You are viewing a single comment's thread from:

RE: Why Voxels Are the Future of Video Games, VR, and Simulating Reality

in #gaming4 years ago

Nice article... I've written a few articles on voxels and I've written a few voxel systems.

I wanted to expand upon what you said just a bit.

A Pixel is a single dot on your screen that can have color values. That is it. That is what our images are built out of.

A Voxel is a Volumetric Pixel. It is when we conceptually break a world or and environment into a grid. Each grid cell is like a pixel. The key is since this is a virtual 3D pixel we can put WHATEVER we want into that cell. We can define values that are more than just colors.

One of the most simple representations of this is a cube. It is the easiest to code. This is NOT what all voxels are. In fact, it isn't even the most common form, but it has become more popular after Minecraft became so popular.

The Marching Cubes Algorithm is NOT referring to cube shapes but rather the cubes it is referring to are the grid volumetric areas but it holds many shapes in that area and only one of those is a cube.

You can take this further. If you have a tile based game where the tiles are all the same size then in reality that could almost be viewed as a form of VoXel. You have volumetric pixels with the possible values being the different tile variations.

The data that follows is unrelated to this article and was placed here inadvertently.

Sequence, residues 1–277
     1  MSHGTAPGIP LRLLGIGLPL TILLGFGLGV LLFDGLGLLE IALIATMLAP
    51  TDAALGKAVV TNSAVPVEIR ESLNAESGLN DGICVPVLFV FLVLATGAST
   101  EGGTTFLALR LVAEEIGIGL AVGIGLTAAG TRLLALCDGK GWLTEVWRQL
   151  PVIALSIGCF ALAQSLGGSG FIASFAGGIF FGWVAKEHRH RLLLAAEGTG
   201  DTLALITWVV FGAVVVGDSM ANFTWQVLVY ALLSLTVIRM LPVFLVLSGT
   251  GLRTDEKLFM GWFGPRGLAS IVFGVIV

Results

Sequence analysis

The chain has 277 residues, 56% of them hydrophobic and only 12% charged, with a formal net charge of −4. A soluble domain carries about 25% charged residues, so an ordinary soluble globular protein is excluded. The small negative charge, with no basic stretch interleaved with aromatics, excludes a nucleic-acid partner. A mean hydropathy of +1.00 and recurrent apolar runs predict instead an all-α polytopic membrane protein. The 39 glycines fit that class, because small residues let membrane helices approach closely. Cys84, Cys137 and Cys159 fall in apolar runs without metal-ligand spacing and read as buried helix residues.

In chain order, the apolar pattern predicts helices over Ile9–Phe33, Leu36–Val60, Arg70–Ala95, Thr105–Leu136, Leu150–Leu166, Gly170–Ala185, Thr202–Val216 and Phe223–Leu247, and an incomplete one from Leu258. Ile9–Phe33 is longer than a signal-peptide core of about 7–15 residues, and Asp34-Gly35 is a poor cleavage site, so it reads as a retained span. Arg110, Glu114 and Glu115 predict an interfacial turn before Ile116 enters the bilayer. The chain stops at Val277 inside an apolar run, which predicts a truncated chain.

Voxels (even cubes) are tricky to get performance for procedurally created infinite environments. They are easy to use with static environments created on the fly.

There are some benefits to them and yes I agree they likely are the future. VoxelFarm.com is one of the most advanced voxel engines out there and some amazing stuff has been done with it. (it is Dual Contouring based)

The benefits are procedural generation and HUGE worlds represented with very little memory requirements. With procedural generation you do not need to save all the cubes either. You simply need to save which cubes were changed.

It is great for creation, destruction, and simulating near infinite worlds. (not truly infinite due to mathematical precision limitations... but if done right this is unnoticeable to the players).

Thanks for posting your blog article. This is definitely a strong interest of mine. I am actually working on some Unity based Voxel Systems. I may try to sell them. We shall see. I am building basic tools first, and then will likely build a fancier more optimized version.

Sort:  

Thanks for adding your luxurious thoughts to the topic. I've followed your Unity articles closely.

And I agree the procedural nature makes it totally plausible that we could be running inside of a simulation. :)